Johann Nepomuk Nestroy

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Nestroy, Johann Nepomuk


Born Dec. 7, 1801, in Vienna; died May 25, 1862, in Graz. Austrian playwright, actor, and theatrical figure. Studied law. Active in the Austrian revolution of 1848–49.

In 1822, Nestroy made his stage debut at the Vienna court theater as an opera singer. From 1831 to 1854 he acted in dramatic roles. Both a comic actor and an exceptional character actor, Nestroy had an inclination for the grotesque and for improvisation. He was especially successful in his own plays, the first of which was written in 1827. He was the author of satirical comedies of pointed sociopolitical content, which expressed the opposition sentiments of the liberal Austrian bourgeoisie on the eve of the revolution of 1848. Nestroy’s comedies included The Evil Spirit Lumpazivagabundus or the Dissipated Threesome (1833), On the First and Second Floor (1835), A Man Full of Nothing (1846), and Freedom Comes to Krähwinkel (1848). They were original works, closely akin to the folk traditions of farce, and influenced L. Anzengruber and other Austrian dramatists.


Sämstliche Werke, vols. 1–15. Edited by O. Rommel and F. Brukner. Vienna, 1924–30.
In Russian translation:
Tuda i siuda, ili Kur’eznyi zaklad. St. Petersburg, 1880.


Forst-Battaglia, O. Johann Nestroy. Munich, 1962.
Preisner, Rio. Johann Nepomuk Nestroy: Tvŭrce tragické fraŝky. Prague, 1968.
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Other noteworthy authors, represented by one play each, are Georg Buchner (Dantons Tod), Friedrich Hebbel (Judith), Johann Nestroy (Judith und Holofernes), Franz Grillparzer (Konig Ottokars Gluck und Ende), and Karl Lebrecht Immermann (Andreas Hofer).
The ostensible subjects of the essays are the German author, Heinrich Heine (1797-1856), and Austrian playwright, Johann Nestroy (1801-1862).
In defending playwright Johann Nestroy, Kraus--who at the time (1912) was what Franzen considers "substantially conservative"--attacks liberal progress and the "infernal" machinery of mass media which had combined to usher in "a time that has lost the capacity to be a posterity.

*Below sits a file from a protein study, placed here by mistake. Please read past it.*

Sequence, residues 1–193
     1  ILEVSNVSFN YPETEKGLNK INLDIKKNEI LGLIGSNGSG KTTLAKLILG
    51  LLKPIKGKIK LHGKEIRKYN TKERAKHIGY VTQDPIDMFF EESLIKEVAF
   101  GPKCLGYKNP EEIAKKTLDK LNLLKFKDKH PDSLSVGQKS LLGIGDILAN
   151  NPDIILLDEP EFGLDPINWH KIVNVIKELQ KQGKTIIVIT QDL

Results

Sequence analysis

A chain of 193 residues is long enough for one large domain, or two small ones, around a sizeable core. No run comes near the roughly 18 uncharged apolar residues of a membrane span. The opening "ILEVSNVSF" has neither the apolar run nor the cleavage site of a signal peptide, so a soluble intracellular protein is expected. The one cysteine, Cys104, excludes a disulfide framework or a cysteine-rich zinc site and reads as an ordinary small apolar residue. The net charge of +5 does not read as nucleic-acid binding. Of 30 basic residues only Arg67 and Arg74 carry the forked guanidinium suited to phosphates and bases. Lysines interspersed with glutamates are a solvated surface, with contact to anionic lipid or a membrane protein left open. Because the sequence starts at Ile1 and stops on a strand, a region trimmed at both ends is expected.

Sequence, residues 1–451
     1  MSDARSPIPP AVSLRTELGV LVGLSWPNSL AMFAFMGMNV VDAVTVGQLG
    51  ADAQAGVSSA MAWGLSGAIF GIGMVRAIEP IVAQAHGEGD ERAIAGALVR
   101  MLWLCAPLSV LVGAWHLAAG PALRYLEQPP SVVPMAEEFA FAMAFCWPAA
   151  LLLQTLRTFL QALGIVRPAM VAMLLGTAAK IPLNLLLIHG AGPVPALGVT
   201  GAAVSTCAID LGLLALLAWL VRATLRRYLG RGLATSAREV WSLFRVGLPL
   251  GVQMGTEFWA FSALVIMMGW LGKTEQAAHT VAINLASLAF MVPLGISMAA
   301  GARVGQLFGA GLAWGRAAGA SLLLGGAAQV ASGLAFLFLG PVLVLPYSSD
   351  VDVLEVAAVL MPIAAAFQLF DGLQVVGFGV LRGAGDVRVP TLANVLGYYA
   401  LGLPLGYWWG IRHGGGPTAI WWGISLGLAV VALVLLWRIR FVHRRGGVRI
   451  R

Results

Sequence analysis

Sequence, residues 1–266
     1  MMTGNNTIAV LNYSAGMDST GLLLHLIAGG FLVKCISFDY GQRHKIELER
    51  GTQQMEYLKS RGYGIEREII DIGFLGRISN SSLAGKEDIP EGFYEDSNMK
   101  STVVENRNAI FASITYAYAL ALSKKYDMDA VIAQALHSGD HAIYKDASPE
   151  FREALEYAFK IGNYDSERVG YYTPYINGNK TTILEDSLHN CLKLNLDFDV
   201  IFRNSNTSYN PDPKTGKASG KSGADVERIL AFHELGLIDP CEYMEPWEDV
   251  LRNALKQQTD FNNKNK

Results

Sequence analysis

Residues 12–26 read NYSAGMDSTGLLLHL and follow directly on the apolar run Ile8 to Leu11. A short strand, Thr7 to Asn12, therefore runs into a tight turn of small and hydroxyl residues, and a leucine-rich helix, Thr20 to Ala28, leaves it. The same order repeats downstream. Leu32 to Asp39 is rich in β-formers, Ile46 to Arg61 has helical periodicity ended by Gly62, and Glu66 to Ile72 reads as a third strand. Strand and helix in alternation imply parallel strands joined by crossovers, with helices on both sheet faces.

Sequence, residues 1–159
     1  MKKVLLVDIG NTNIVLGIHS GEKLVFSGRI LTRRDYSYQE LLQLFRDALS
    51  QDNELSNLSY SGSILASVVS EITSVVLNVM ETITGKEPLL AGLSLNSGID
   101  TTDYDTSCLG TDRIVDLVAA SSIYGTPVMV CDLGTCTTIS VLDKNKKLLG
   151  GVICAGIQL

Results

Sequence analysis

Johann Nestroy was a major figure in the history of Viennese theater, but his work is barely remembered elsewhere except as the source for the musical Hello Dolly (by way of Thornton Wilder).
Based on the mid-19th-century Viennese play by Johann Nestroy that begat Thornton Wilder's "The Matchmaker" and Michael Stewart and Jerry Herman's "Hello Dolly
Like the Viennese turn-of-the-century political journalist and poet Karl Kraus, or the nineteenth-century regional playwright Johann Nestroy, Bernhard was a satirist whose literary genius needed the foibles and dirt of his contemporaries in order to take flight; a childlike rage and humor propelled his sentences.
Johann Nestroy und die Vorlagen seiner Stucke (Munich: W.
The richness of the wit has continued to be acknowledged by modern commentators; see, for example, Alberto Destro, L'Intelligenza come struttura drammatica: Saggio su Johann Nestroy, AION, 6 (Naples: Istituto Universitario Orientale, 1972), pp.
79, 88, and 105) that Johann Nestroy wrote a comic parody of Tannhauser, but does not expand on that information with each iteration.
Leon De Winter is adapting a script by Viennese playwright Johann Nestroy (and if that name doesn't ring a bell, go back and check out the source for "Hello, Dolly
That's because all three plays were inspired by a comedy by Austrian Johann Nestroy, ``Einen jux will er sich machen (He intends to have a fling).
com" is Peter Wolf and Leon de Winter's updated version of a play by Viennese playwright Johann Nestroy ("Lohengrin").